In this issue

Jonathan Tobin: Defending the Right to a Jewish State

Heather Hale: Compliment your kids without giving them big heads

Megan Shauri: 10 ways you are ruining your own happiness

Carolyn Bigda: 8 Best Dividend Stocks for 2015

Kiplinger's Personal Finance editors: 7 Things You Didn't Know About Paying Off Student Loans

Samantha Olson: The Crucial Mistake 55% Of Parents Are Making At Their Baby's Bedtime

Densie Well, Ph.D., R.D. Open your eyes to yellow vegetables

The Kosher Gourmet by Megan Gordon With its colorful cache of purples and oranges and reds, COLLARD GREEN SLAW is a marvelous mood booster --- not to mention just downright delish
April 18, 2014

Rabbi Yonason Goldson: Clarifying one of the greatest philosophical conundrums in theology

Caroline B. Glick: The disappearance of US will

Megan Wallgren: 10 things I've learned from my teenagers

Lizette Borreli: Green Tea Boosts Brain Power, May Help Treat Dementia

John Ericson: Trying hard to be 'positive' but never succeeding? Blame Your Brain

The Kosher Gourmet by Julie Rothman Almondy, flourless torta del re (Italian king's cake), has royal roots, is simple to make, . . . but devour it because it's simply delicious

April 14, 2014

Rabbi Dr Naftali Brawer: Passover frees us from the tyranny of time

Greg Crosby: Passing Over Religion

Eric Schulzke: First degree: How America really recovered from a murder epidemic

Georgia Lee: When love is not enough: Teaching your kids about the realities of adult relationships

Cameron Huddleston: Freebies for Your Lawn and Garden

Gordon Pape: How you can tell if your financial adviser is setting you up for potential ruin

Dana Dovey: Up to 500,000 people die each year from hepatitis C-related liver disease. New Treatment Has Over 90% Success Rate

Justin Caba: Eating Watermelon Can Help Control High Blood Pressure

The Kosher Gourmet by Joshua E. London and Lou Marmon Don't dare pass over these Pesach picks for Manischewitz!

April 11, 2014

Rabbi Hillel Goldberg: Silence is much more than golden

Caroline B. Glick: Forgetting freedom at Passover

Susan Swann: How to value a child for who he is, not just what he does

Cameron Huddleston: 7 Financial Tasks You Should Tackle Right Now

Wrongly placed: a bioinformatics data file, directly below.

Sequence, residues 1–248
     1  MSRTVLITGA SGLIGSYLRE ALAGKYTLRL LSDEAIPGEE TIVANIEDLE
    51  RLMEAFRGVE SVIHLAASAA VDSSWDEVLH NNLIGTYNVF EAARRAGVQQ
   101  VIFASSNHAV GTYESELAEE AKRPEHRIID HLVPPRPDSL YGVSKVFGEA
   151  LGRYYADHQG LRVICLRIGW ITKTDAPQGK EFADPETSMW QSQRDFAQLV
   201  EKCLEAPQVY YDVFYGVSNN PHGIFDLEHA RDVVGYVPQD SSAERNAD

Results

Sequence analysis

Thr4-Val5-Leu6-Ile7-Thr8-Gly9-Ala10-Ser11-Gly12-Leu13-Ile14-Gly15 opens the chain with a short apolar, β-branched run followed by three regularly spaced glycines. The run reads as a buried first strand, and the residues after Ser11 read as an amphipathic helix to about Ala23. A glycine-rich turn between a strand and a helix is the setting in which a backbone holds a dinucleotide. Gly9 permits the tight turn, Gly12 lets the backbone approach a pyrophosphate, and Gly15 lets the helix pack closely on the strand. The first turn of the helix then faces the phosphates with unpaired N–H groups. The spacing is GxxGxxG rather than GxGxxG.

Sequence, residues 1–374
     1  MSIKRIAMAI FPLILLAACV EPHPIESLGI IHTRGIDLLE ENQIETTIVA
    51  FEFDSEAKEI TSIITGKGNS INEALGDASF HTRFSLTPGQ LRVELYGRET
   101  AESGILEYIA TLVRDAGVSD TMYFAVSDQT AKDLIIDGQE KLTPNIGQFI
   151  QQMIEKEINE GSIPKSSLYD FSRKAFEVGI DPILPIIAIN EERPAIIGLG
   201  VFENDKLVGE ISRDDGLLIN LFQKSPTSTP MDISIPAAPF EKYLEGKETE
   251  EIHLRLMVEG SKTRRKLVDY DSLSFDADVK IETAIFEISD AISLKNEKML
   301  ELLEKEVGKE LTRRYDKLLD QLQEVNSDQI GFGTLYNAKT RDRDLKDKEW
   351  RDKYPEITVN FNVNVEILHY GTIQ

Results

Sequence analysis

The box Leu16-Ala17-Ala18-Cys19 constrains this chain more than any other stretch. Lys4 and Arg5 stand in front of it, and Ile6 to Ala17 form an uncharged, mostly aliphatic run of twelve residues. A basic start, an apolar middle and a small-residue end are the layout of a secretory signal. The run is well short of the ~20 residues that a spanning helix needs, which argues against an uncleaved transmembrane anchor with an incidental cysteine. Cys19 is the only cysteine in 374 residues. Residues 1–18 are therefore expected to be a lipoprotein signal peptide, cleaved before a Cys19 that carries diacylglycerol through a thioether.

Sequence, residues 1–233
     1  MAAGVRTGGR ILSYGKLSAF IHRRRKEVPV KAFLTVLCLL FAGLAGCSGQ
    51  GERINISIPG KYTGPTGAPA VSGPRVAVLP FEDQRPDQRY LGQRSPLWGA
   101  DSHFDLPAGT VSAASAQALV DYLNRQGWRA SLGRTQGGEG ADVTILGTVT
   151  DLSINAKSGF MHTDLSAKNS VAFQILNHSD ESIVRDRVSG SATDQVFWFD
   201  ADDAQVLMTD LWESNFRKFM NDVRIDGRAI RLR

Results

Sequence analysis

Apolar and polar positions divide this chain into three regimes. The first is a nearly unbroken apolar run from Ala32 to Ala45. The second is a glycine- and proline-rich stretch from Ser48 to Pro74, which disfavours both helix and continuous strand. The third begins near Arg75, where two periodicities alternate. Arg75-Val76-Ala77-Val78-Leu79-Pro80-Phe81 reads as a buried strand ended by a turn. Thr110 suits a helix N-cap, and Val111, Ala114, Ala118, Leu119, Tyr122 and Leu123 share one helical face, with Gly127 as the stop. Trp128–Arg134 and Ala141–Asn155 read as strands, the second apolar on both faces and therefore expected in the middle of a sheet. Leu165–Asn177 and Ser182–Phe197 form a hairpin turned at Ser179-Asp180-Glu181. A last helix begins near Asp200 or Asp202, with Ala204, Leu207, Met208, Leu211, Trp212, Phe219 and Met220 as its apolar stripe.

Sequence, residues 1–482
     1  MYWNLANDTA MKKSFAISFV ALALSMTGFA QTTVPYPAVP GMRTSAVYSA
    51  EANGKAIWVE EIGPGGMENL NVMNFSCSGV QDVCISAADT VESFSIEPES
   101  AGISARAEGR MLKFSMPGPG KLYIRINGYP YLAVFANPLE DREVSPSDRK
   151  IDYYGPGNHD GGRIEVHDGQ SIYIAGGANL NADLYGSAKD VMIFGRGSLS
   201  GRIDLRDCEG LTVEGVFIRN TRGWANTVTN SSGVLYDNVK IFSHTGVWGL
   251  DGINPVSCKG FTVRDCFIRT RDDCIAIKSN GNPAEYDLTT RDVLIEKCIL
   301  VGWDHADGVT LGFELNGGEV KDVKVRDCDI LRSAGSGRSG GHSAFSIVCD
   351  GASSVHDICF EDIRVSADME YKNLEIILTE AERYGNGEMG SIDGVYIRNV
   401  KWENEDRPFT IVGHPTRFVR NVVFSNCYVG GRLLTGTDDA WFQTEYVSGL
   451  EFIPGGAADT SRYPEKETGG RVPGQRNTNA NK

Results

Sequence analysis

Sandra Block and Lisa Gerstner: How to Profit From Your Passion

Susan Scutti: A Simple Blood Test Might Soon Diagnose Cancer

Chris Weller: Have A Slow Metabolism? Let Science Speed It Up For You

The Kosher Gourmet by Diane Rossen Worthington Whitefish Terrine: A French take on gefilte fish

April 9, 2014

Jonathan Tobin: Why Did Kerry Lie About Israeli Blame?

Samuel G. Freedman: A resolution 70 years later for a father's unsettling legacy of ashes from Dachau

Jessica Ivins: A resolution 70 years later for a father's unsettling legacy of ashes from Dachau

Kim Giles: Asking for help is not weakness

Kathy Kristof and Barbara Hoch Marcus: 7 Great Growth Israeli Stocks

Matthew Mientka: How Beans, Peas, And Chickpeas Cleanse Bad Cholesterol and Lowers Risk of Heart Disease

Sabrina Bachai: 5 At-Home Treatments For Headaches

The Kosher Gourmet by Daniel Neman Have yourself a matzo ball: The secrets bubby never told you and recipes she could have never imagined

April 8, 2014

Lori Nawyn: At Your Wit's End and Back: Finding Peace

Susan B. Garland and Rachel L. Sheedy: Strategies Married Couples Can Use to Boost Benefits

David Muhlbaum: Smart Tax Deductions Non-Itemizers Can Claim

Jill Weisenberger, M.S., R.D.N., C.D.E : Before You Lose Your Mental Edge

Dana Dovey: Coffee Drinkers Rejoice! Your Cup Of Joe Can Prevent Death From Liver Disease

Chris Weller: Electric 'Thinking Cap' Puts Your Brain Power Into High Gear

The Kosher Gourmet by Marlene Parrish A gift of hazelnuts keeps giving --- for a variety of nutty recipes: Entree, side, soup, dessert

April 4, 2014

Rabbi David Gutterman: The Word for Nothing Means Everything

Charles Krauthammer: Kerry's folly, Chapter 3

Amy Peterson: A life of love: How to build lasting relationships with your children

John Ericson: Older Women: Save Your Heart, Prevent Stroke Don't Drink Diet

John Ericson: Why 50 million Americans will still have spring allergies after taking meds

Cameron Huddleston: Best and Worst Buys of April 2014